Imágenes de páginas
[ocr errors][merged small][merged small][merged small][merged small][merged small][merged small][merged small][merged small][ocr errors][merged small][ocr errors]



(PLATE VIII., p. 216)


MOST of the recent writers on geographical distribution have confined their attention to terrestrial Mammals, or at any rate have but casually alluded to the marine groups of that Class. The seven previous chapters having been devoted to the terrestrial Mammals, it is proposed now to examine the principal facts connected with the distribution over the world's surface of the Marine or aquatic members of the Class.

Aquatic Mammals which pass their lives entirely, or for the greater part, in the water are, of course, subject to very different laws of distribution from the terrestrial forms. As regards aquatic Mammals, land is of course an impassable barrier to their extension, and, subject to restrictions in certain cases, water offers them a free passage. Just the opposite is the case with the terrestrial Mammals, to which in most cases land offers a free passage, while seas and rivers restrain the extension of their ranges.

The groups of aquatic Mammals that are represented on the earth's surface at the present time are three in number, viz.: (1) the Sub-order of the Carnivora, containing the Seals and their allies, generally called the Pinni

peds, which are semi-aquatic; (2) the Sirenia, or Manatees, which are mainly aquatic; and (3) the Cetacea, or Whales, which never leave the water, and are wholly aquatic. We will first consider briefly the principal representatives of these three groups, following nearly the arrangement of them employed in Flower and Lydekker's "Mammals Living and Extinct."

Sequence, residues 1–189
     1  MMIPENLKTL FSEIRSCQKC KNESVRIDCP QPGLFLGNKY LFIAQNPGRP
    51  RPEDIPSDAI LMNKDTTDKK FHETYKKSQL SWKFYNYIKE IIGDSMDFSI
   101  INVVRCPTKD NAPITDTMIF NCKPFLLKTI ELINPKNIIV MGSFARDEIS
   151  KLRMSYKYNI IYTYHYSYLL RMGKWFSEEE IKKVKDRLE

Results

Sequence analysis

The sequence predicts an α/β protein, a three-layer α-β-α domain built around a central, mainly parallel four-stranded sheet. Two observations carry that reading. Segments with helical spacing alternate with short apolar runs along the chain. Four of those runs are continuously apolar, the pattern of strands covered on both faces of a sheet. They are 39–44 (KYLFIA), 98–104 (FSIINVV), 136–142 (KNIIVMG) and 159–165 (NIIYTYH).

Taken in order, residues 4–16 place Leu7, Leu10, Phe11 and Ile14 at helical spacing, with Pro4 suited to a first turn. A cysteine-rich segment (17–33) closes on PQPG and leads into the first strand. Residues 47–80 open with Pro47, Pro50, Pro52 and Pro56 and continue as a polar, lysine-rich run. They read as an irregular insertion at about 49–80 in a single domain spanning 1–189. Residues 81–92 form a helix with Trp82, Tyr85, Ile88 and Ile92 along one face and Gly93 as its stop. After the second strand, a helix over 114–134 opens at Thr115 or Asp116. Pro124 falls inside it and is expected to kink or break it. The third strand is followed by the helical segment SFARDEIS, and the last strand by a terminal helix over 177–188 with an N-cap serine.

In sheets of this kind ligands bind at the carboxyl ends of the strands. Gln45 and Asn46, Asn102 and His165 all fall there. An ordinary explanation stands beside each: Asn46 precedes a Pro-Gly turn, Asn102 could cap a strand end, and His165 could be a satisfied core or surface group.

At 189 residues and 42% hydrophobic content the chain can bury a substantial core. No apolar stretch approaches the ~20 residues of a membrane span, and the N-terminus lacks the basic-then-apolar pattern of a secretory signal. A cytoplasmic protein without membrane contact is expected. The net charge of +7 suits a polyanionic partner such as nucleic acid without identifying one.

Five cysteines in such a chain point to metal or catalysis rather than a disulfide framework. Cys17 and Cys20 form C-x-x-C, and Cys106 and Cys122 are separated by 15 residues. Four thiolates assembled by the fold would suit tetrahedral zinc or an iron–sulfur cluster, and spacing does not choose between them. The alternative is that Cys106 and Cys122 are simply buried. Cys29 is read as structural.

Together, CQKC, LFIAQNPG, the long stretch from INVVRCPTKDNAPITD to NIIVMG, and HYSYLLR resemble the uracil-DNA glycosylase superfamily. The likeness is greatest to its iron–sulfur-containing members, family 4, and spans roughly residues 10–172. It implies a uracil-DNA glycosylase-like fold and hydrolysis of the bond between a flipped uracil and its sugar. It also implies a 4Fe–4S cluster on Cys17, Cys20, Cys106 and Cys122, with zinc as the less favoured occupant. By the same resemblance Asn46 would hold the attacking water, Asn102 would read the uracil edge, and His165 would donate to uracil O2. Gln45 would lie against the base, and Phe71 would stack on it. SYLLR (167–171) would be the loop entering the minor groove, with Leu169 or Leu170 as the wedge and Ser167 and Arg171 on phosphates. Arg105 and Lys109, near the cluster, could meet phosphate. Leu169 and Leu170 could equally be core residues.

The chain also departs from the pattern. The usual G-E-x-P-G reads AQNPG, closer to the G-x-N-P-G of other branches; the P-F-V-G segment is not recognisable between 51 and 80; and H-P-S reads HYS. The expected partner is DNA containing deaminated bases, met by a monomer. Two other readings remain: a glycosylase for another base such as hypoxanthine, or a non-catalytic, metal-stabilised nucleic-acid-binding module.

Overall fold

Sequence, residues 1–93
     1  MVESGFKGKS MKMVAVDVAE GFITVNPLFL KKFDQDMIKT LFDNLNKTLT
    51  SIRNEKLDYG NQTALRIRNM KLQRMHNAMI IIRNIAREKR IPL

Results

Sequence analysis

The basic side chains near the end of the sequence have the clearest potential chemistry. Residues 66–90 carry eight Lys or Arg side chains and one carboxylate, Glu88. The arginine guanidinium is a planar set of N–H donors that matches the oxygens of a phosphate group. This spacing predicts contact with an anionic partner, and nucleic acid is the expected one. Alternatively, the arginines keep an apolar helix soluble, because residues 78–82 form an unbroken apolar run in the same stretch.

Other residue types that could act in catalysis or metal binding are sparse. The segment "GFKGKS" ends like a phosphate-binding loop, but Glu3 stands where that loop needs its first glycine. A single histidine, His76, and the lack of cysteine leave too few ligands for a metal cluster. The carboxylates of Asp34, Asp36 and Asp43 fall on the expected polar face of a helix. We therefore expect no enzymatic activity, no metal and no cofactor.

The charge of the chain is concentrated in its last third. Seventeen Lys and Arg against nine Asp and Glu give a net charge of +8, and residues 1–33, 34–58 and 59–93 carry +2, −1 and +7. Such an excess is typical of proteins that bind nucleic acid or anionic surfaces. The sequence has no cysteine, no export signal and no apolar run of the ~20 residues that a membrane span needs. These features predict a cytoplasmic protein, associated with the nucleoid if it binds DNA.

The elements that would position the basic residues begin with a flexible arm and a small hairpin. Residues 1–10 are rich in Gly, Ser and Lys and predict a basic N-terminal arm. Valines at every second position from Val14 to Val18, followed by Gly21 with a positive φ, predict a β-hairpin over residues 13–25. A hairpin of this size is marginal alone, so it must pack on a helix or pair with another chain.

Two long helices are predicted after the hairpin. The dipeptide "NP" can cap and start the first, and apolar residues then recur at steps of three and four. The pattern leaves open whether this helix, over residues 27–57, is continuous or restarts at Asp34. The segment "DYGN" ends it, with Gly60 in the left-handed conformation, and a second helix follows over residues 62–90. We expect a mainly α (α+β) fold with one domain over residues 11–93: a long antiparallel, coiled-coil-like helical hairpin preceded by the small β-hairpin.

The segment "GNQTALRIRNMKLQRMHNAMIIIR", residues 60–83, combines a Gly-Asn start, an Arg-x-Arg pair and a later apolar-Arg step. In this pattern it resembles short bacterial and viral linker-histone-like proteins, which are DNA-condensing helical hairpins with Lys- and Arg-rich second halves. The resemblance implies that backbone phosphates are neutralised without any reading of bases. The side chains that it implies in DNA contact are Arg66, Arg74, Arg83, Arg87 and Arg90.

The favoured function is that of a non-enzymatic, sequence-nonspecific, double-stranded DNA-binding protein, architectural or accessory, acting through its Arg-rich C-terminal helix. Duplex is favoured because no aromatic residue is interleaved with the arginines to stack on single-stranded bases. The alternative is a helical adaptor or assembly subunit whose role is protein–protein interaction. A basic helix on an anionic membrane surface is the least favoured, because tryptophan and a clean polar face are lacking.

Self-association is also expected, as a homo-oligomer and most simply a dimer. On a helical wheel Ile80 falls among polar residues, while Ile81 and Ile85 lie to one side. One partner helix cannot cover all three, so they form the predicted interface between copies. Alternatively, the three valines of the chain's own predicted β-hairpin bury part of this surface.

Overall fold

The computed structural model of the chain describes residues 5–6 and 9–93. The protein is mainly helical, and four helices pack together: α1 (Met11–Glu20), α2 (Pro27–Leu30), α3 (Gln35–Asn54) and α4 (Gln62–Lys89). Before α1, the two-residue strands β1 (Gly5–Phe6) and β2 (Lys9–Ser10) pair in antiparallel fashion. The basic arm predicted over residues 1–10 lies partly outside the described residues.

The Pinnipeds, which we will take first, comprise three distinct families-the Otariida, the Trichechida, and the Phocida. Beginning with the Otariida, or Eared Seals, commonly known as Sea-lions and Sea-bears, we find the greater number of the species confined to the South Polar Ocean, where they pass most of their time at sea, but, as is well known, resort to the land at certain seasons for breeding purposes. In the Atlantic Ocean, so far as is known, the Eared Seals have never been ascertained to occur much further north than the estuary of the La Plata on the American coast, where the Patagonian Sea-lion (Fig. 41, p. 199) is met with, and the vicinity of the Cape on the African coast, where Otaria pusilla is found. But in the Pacific, on the contrary, three distinct species of Otaria are distributed all over the northern portion of that ocean. Two species of Sea-lions are also met with in the Galapagos, and they likewise occur on the coasts of Peru and Chili. I think therefore we may assume that Otaria was originally an Antarctic form, but has travelled northwards along the West-American coast and is now firmly established in the North Pacific. In a parallel way in the Class of Birds,

[ocr errors]

the Albatrosses (Diomedea), which is essentially a group of the Antarctic Seas, are represented by three distinct species in the North Pacific.

The second family of the marine Carnivora, on the other hand, the Walruses (Trichechida), are entirely Arctic in their distribution-one species (Trichechus rosmarus)

[graphic][ocr errors][merged small]

(see Fig. 42, p. 200) being peculiar to the North Atlantic, a second nearly allied species (T. obesus) takes its place in the Northern Pacific.

The third family of Pinnipeds is more numerous and varied, both in genera and species, than the two preceding, and has a more extended range. The Seals, Phocida,

« AnteriorContinuar »